Rich portraits of the sisters—and of the constraints and rewards of Victorian life. (b&w photos, not seen)

READ REVIEW

FANNY & ADELAIDE

THE LIVES OF THE REMARKABLE KEMBLE SISTERS

Colorful adventures of two scions of a 19th-century English theatrical family.

Actress Fanny Kemble and her sister, Adelaide (a well-known opera singer), were the daughters of Charles Kemble, who helped launch London’s Covent Garden Theater. The legendary actress Sarah Siddons was their aunt. Although Fanny’s life has been much written about, her sister’s adventures are less famous. With Adelaide’s newly public letters as a basis, Blainey (Immortal Boy, not reviewed) has framed this story as a tale of two sisters whose lives were the stuff of the rousing melodramas popular during their lifetimes. Fanny, forced onto the stage to support her father’s failing enterprises, gave up the love of her life. She became a star in London and in America, where she again found love (or, at least, mighty sexual chemistry) with a Southern slave owner, Pierce Butler. Married and forced to abandon her career as a result, she turned her excess energy to the cause of abolition and wrote and spoke on the subject in America and England. Her determined independence—and her husband’s extramarital affairs—led to a divorce in which she was forced to give up her beloved daughters. What to do after this but return to the theater? And, in fact, Fanny rebuilt a successful career as actress and author, best known for her journal of life on a pre–Civil War plantation. Although more discreet than her sister, Adelaide’s adventures were no less notable. She, too, surrendered the love of her life to forge a singing career in England and on the Continent. After her marriage to the son of an Italian banker she shone as a hostess, and her musicales and at-homes drew famous authors, artists, and musicians (including Robert Browning, Henry James, Frederic Leighton, and Felix Mendelssohn). Fanny was challenging and abrasive, Adelaide serene and thoughtful, but both suffered mightily (as only Victorians could) at the necessity to choose between dutiful matrimony and exciting careers.

Rich portraits of the sisters—and of the constraints and rewards of Victorian life. (b&w photos, not seen)

Pub Date: June 8, 2001

ISBN: 1-56663-372-9

Page Count: 352

Publisher: Ivan Dee/Rowman & Littlefield

Review Posted Online: May 20, 2010

Kirkus Reviews Issue: March 1, 2001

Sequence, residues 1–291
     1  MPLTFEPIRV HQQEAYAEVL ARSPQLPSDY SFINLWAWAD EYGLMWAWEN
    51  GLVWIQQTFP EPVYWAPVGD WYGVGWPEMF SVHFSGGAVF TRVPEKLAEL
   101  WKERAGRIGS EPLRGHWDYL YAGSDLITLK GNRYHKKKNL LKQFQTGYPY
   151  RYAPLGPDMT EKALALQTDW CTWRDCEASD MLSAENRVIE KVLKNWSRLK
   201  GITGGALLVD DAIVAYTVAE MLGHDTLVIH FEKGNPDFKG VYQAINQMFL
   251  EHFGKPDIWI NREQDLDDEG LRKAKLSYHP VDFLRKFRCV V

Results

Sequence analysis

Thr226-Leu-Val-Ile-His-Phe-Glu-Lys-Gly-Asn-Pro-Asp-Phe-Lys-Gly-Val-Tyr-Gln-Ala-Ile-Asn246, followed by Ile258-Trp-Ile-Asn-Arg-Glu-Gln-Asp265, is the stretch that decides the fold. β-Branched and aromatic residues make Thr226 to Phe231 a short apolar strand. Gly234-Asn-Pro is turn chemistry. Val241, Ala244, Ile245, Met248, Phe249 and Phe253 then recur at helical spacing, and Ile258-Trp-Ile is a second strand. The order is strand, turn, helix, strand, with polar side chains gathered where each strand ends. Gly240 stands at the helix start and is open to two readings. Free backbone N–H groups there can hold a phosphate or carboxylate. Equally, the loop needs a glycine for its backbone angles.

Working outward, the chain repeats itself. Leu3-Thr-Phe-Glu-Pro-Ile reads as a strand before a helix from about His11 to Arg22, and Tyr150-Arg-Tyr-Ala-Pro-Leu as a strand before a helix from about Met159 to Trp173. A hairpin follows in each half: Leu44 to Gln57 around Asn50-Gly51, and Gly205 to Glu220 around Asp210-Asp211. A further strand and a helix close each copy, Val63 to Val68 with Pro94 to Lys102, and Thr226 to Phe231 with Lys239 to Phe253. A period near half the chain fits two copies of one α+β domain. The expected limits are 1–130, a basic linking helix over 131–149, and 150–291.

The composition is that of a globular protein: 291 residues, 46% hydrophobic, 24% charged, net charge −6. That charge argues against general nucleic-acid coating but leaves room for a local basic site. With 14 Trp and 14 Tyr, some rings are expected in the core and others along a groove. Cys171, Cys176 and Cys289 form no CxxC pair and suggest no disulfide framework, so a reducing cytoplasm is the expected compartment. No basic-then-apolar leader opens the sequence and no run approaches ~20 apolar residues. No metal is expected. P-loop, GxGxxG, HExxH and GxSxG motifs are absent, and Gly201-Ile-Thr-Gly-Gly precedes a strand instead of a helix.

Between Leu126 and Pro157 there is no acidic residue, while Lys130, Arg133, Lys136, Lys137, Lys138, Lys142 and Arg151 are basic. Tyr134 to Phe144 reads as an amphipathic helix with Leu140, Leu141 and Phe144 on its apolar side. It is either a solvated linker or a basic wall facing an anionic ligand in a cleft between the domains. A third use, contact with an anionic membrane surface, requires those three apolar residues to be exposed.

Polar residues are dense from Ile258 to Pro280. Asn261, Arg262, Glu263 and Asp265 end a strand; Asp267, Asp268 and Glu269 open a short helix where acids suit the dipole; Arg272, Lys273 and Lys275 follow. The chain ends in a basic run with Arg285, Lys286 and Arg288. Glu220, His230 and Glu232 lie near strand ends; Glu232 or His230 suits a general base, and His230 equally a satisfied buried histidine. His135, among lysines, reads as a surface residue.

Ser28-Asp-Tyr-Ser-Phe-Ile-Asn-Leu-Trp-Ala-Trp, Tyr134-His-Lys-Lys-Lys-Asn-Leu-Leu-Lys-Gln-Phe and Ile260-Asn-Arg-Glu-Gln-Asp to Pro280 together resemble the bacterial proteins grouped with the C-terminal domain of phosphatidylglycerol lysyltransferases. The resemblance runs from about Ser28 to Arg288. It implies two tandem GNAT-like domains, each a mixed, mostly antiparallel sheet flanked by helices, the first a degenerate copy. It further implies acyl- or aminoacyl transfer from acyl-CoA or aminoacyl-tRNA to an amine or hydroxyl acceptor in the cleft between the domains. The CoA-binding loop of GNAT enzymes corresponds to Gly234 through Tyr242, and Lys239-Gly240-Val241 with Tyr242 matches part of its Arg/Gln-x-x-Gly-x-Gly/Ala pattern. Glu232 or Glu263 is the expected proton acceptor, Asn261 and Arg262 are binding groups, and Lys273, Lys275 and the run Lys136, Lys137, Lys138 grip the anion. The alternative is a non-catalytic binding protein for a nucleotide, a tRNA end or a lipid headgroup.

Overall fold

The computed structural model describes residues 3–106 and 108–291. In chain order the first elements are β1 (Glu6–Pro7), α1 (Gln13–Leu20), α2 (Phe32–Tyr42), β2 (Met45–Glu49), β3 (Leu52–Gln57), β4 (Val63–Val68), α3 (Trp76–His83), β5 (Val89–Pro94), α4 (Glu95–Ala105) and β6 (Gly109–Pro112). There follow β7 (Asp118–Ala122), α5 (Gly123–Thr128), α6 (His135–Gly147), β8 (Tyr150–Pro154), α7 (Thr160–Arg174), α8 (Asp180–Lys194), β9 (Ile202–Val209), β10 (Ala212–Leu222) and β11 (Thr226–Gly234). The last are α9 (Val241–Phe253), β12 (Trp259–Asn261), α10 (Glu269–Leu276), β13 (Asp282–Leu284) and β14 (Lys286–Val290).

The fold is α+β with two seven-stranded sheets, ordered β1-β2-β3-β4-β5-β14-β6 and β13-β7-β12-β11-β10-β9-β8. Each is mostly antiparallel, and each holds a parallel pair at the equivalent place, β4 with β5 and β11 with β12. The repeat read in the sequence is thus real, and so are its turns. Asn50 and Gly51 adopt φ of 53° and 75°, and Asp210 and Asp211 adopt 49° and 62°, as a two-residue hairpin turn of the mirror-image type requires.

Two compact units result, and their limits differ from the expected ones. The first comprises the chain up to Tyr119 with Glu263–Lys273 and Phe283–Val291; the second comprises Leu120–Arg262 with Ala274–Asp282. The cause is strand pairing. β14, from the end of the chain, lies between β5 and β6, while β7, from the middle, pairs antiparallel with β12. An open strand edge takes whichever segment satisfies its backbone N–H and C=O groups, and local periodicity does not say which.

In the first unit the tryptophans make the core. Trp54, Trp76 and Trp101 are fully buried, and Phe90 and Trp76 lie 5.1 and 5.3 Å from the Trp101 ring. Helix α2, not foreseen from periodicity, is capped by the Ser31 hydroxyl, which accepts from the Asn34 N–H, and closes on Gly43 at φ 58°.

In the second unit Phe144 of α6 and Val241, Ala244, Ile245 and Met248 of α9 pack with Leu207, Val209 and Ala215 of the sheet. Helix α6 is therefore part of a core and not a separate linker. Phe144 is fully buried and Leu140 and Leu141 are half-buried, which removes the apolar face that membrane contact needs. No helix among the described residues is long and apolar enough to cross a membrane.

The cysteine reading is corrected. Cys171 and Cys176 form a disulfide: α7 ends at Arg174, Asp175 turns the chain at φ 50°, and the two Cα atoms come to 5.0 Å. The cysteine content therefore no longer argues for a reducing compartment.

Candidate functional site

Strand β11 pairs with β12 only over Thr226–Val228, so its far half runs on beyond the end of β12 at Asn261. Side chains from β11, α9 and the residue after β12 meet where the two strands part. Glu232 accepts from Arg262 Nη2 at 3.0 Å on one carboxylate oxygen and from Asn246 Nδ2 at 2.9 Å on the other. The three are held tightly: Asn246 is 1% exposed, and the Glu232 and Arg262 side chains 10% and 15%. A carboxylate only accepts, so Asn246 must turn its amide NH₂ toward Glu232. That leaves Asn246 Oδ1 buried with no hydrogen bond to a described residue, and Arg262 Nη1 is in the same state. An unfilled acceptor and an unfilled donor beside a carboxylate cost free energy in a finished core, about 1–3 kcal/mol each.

Did you like this book?

No Comments Yet

Doyle offers another lucid, inspiring chronicle of female empowerment and the rewards of self-awareness and renewal.

Our Verdict

  • Our Verdict
  • GET IT

  • New York Times Bestseller

  • IndieBound Bestseller

UNTAMED

More life reflections from the bestselling author on themes of societal captivity and the catharsis of personal freedom.

In her third book, Doyle (Love Warrior, 2016, etc.) begins with a life-changing event. “Four years ago,” she writes, “married to the father of my three children, I fell in love with a woman.” That woman, Abby Wambach, would become her wife. Emblematically arranged into three sections—“Caged,” “Keys,” “Freedom”—the narrative offers, among other elements, vignettes about the soulful author’s girlhood, when she was bulimic and felt like a zoo animal, a “caged girl made for wide-open skies.” She followed the path that seemed right and appropriate based on her Catholic upbringing and adolescent conditioning. After a downward spiral into “drinking, drugging, and purging,” Doyle found sobriety and the authentic self she’d been suppressing. Still, there was trouble: Straining an already troubled marriage was her husband’s infidelity, which eventually led to life-altering choices and the discovery of a love she’d never experienced before. Throughout the book, Doyle remains open and candid, whether she’s admitting to rigging a high school homecoming court election or denouncing the doting perfectionism of “cream cheese parenting,” which is about “giving your children the best of everything.” The author’s fears and concerns are often mirrored by real-world issues: gender roles and bias, white privilege, racism, and religion-fueled homophobia and hypocrisy. Some stories merely skim the surface of larger issues, but Doyle revisits them in later sections and digs deeper, using friends and familial references to personify their impact on her life, both past and present. Shorter pieces, some only a page in length, manage to effectively translate an emotional gut punch, as when Doyle’s therapist called her blooming extramarital lesbian love a “dangerous distraction.” Ultimately, the narrative is an in-depth look at a courageous woman eager to share the wealth of her experiences by embracing vulnerability and reclaiming her inner strength and resiliency.